Paddington & its transport systems – 2
The canal – Brunel’s bridge:
This was an early Brunel structure, predating the major works at Paddington Station by several years. The castings were made in Deptford and put together on site in 1838 and the structure officially opened in 1839. It was moulded within a new brickwork structure in 1906 and forgotten until the 21st century. Steven Brindle – Inspector of Ancient Monuments from English Heritage discovered documents relating to the bridge which described load bearing tests on it. He realised that he bridge was an unique iron built structure by Isambard Kingdom Brunel and steps were put in place to ensure the bridge was not demolished as part of the Paddington redevelopment.
The bridge was a very unusual example of a structure that relied on gravity to hold it together and no other examples were built by Brunel. The advantage of this design was that it was not bolted together and could be dismantled easily. This was done carefully in 2004 and the structure put into store at English heritage’s Portsmouth depot. Here’s a detailed account from Paddington & Madia Vale Waterways Society on the history and rescue of the bridge by Steven Brindle. One wonders if the iron arches were brought by river and canal to Paddington, it seems quite logical.
The GJCCo Water Company
The canal company established its own waterworks company in 1811, and built a series of reservoirs around the Paddington area for drinking water. It supplied water to a substantial part of London and had its own pumping station at Kew (now the Kew Bridge steam museum.) Between 1842 and 1851, the three reservoir sites were given over to development. The old St Mary’s hospital buildings are on the site of the Northern reservoir. Norfolk Square was where the southern reservoir stood. Part of this now forms the open air section of Paddington (Circle and District Lines) station. The third, and smallest reservoir, is now Talbot Square. They are shown below in this extract from the Topographical Survey Of The Borough Of St. Marylebone 1834. The later Metropolitan Underground Railway of 1863 passed under the short bit of canal that is seen stretching from Paddington Basin to the top edge of South Wharf Road.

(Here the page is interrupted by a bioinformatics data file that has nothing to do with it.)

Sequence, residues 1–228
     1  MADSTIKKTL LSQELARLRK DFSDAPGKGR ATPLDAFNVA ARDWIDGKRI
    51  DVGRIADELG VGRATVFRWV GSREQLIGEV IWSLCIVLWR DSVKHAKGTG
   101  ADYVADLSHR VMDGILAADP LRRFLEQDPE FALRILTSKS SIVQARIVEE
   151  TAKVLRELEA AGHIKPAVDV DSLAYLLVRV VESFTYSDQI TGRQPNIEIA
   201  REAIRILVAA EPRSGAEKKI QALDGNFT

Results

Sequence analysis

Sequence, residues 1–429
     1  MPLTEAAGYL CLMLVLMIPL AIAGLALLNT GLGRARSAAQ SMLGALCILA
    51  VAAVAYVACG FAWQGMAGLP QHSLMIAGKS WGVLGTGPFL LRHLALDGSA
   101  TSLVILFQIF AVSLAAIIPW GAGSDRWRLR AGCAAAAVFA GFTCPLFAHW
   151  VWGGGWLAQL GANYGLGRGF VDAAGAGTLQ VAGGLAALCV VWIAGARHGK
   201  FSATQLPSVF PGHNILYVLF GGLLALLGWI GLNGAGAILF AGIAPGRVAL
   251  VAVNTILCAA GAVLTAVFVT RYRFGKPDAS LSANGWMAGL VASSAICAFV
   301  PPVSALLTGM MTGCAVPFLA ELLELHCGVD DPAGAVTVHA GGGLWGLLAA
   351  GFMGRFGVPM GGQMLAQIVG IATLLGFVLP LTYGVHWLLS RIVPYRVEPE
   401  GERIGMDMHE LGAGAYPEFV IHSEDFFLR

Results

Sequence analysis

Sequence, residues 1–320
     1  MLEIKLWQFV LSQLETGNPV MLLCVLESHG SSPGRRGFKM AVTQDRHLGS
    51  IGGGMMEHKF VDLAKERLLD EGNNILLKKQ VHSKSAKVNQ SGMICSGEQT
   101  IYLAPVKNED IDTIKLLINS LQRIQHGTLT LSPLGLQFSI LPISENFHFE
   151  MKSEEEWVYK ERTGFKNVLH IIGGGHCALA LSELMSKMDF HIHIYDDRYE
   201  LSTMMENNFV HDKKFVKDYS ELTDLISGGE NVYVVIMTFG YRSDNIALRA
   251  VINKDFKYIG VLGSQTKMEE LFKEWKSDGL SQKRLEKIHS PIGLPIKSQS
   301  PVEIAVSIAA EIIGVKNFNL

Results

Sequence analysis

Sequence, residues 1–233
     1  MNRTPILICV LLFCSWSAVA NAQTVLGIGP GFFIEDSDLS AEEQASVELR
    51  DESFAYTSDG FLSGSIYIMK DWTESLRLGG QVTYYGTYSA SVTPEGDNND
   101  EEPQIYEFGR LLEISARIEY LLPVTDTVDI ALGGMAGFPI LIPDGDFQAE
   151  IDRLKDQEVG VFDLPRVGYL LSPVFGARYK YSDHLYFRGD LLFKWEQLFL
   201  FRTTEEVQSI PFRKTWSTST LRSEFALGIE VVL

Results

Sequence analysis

Proposals for the waterworks in 1810. Right: The canal’s reservoirs in 1834.
Isambard Kingdom Brunel is buried at the Kensal Green Cemetery, which is adjacent to the Paddington Arm of the Grand Union Canal.
Coach and omnibus services to the City
Upon arrival at Paddington travellers on the express boat service had the choice of a walk to the City or the use of privately operated coaching service eastwards. One of these was a single coach run by a Mr Miles from about when the canal opened and clearly some decades before George Shillibeer even thought of his service. Miles charged outside seated passengers 2 shillings whilst those inside the coach were charged 3 shillings. It wasn’t a terribly efficient service for Miles also delivered parcels to various establishments and he sometimes took up to three hours to reach the City of London. Other spurious notables operated similar dodgy and unreliable services. It was much quicker to walk!